To what extent was Jesus’ attitude towards outcasts a departure from Judaism? From reading Luke (bible) we can see that some of Jesus’ attitudes towards outcasts demonstrated a departure from Judaism. In Judaism in particularly in that time period it was wrong for a person deemed “unclean” which implies diseased or not of a Jewish background to make contact with a chosen one (Jew).
Gentiles in this time were seen as unclean therefore one of Jesus’; messages towards outcasts the “Good Samaritan” (Luke 10:25-37) in which Jesus tells his audience that a person probably a Jew was left and deserted by prominent people in the Jewish society, a priest and a Levite (a member of the tribe of Levi), partly due to the fact that if he was dead, diseased or a gentile it was seen as wrong. But Jesus then goes on to say that it was in fact a Samaritan, which was seen as a direct insult to the Jews, as at this time the Jews and Samaritans were being very hostile to each other.
He then continued to ask the prompting question, “Which of these three men proved to be a neighbour to the man? ” implying it was in fact the Samaritan a race the Jews disliked. Messages like this show how in fact Jesus’ attitude towards outcasts was a departure from Judaism. In the same way Jesus’ healing of the leper in Luke (5:12-16) was also seen as a departure from Judaism as lepers were outcasts and also seen as unclean due to the relatively contagious disease known as leprosy which caused boils in the skin and the dismembering of body parts hence the lepers plea for cleanliness “you can make me clean”.
However in the healing of the leper Jesus sent the leper after being cleansed to the Pharisee to reaffirm and confirm his healing. Proving that in fact Jesus did respect the hierarchy of the Jewish community. On the other hand another interpretation of Jesus sending the healed man to the leper could be that of a way of rubbing it in and demonstrating God’s power to the sceptical Pharisee’s. Tuckett’s interpretation of the Jesus’ parable the Great Banquet (Luke 14:16-24) is one of the gentiles replacing the Jews as God’s chosen race, possible emphasising another example of Jesus departing from Judaism.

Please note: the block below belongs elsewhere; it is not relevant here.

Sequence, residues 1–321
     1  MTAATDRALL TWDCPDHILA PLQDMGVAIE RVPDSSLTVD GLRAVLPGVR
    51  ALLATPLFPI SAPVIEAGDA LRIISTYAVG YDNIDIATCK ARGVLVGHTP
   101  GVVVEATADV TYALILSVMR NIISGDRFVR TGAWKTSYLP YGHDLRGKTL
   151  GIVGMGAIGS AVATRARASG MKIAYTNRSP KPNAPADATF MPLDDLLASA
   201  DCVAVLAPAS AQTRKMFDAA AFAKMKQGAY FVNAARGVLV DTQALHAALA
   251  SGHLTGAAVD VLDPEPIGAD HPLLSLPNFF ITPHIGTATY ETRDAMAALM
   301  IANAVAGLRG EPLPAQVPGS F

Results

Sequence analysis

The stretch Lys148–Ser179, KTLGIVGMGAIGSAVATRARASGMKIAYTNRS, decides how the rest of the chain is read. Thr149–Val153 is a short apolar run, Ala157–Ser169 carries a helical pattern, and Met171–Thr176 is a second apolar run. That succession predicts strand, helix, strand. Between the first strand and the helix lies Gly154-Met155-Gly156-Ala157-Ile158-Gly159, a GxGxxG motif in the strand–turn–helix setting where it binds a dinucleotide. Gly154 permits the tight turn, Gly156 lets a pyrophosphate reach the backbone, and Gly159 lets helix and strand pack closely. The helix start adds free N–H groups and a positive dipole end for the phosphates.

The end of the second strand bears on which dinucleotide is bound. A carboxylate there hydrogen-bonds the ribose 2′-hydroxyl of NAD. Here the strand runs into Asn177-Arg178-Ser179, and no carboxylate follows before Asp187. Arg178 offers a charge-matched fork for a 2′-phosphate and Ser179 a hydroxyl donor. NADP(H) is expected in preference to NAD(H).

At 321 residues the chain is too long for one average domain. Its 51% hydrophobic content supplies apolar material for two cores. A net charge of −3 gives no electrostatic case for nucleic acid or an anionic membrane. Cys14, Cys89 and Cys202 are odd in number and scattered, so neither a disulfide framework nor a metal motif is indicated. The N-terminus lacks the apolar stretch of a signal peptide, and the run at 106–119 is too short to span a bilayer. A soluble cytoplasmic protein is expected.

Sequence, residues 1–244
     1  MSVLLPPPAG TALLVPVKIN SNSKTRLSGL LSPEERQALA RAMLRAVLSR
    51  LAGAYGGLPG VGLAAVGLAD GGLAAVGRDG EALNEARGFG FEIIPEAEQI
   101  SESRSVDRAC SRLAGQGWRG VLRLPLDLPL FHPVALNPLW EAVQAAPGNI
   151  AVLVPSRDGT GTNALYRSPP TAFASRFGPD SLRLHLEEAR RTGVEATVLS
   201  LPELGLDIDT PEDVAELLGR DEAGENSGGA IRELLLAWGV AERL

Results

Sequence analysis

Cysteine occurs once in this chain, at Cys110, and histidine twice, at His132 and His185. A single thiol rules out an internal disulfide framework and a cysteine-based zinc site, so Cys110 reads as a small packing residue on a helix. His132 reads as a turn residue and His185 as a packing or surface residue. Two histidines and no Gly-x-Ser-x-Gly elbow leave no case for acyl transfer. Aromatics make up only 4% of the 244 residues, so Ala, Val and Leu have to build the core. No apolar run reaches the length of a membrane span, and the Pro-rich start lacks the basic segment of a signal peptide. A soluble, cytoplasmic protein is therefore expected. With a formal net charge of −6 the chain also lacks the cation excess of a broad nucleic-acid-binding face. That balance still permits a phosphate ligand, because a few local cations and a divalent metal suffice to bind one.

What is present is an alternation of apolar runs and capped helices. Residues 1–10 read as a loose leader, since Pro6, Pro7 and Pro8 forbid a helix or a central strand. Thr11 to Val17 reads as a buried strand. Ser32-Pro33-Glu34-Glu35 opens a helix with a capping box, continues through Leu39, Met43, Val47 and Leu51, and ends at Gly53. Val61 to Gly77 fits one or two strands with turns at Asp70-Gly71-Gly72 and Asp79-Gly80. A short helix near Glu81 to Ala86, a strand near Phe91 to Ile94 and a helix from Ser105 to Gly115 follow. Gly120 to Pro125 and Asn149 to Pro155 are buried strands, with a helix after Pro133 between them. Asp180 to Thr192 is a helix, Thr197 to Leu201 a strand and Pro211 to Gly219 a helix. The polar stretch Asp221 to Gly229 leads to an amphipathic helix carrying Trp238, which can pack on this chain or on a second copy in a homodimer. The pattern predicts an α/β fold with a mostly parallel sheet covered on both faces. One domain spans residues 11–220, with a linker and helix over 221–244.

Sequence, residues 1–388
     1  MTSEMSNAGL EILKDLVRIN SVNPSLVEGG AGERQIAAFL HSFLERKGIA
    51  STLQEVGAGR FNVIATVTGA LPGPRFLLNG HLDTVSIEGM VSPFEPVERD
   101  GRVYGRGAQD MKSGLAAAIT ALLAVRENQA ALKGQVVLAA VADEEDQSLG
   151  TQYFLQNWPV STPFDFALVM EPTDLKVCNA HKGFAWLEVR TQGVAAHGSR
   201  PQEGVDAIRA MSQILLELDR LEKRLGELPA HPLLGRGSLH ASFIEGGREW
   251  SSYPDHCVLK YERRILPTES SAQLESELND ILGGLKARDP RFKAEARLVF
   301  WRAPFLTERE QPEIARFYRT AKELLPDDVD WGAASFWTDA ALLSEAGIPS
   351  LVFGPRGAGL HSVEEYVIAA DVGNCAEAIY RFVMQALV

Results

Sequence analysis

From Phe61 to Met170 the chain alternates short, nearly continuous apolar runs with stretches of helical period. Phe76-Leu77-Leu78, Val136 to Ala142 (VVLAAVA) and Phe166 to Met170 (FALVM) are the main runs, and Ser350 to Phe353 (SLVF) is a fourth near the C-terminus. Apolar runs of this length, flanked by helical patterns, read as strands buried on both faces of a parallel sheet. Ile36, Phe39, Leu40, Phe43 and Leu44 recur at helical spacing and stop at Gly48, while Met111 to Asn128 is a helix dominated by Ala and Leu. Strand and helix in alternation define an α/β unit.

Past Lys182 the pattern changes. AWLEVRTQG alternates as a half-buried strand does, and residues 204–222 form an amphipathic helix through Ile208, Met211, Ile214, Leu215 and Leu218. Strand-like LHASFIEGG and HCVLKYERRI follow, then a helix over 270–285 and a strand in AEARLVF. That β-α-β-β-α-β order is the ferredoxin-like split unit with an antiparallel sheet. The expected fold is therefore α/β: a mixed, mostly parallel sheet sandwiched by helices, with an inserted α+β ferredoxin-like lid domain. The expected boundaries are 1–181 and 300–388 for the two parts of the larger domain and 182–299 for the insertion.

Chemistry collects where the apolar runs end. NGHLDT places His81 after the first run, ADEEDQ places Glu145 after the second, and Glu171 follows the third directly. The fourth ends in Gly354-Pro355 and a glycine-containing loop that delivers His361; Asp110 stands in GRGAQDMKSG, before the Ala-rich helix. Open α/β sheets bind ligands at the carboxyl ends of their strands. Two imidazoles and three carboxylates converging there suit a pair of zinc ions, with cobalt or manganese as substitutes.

However history would beg to differ as it teaches us Jesus by descent was in fact a Jew as his mother Mary was a Jew and if your mother was a Jew you by descent were an accepted Jew. Throughout Jesus’s life he still kept hold of his fundamental Jewish beliefs such as reading from the Torah and preaching in the Synagogue, which we gather from the Inaugural Sermon (Luke 4:14-30). This in addition to his sending of the leper to the Pharisee proves he was still respectful and abided by the majority of Jewish laws.
As Tuckett writes “Jesus was teaching daily in the temple, presence in the temple is a regular pattern for the Luken Jesus” proving that it was not just one occurrence but in fact it was a regular practice much like any other Jewish male of his time. In conclusion I am of the personal belief that Jesus’s messages and attitudes towards outcasts was in fact a departure from Judaism as first and foremost speaking with outcasts and hanging around with them alone was seen as wrong; much more dining with them in their home such as Jesus did with Zaccheus in Luke 19:1.
So Jesus really could not stay a devout Jew and still teach a message of hope to outcasts. Despite his attempts which I believe were in vain of going to the temple and preaching in the synagogue I think that his attitudes towards outcast was in fact a departure from Judaism as they believed they were the “chosen race” and a Tuckett writes “Disciples are to go out in Jesus’ name and proclaim repentance and forgiveness of sins to all nation” not just Jerusalem as the Jews believe. By Alex Quayson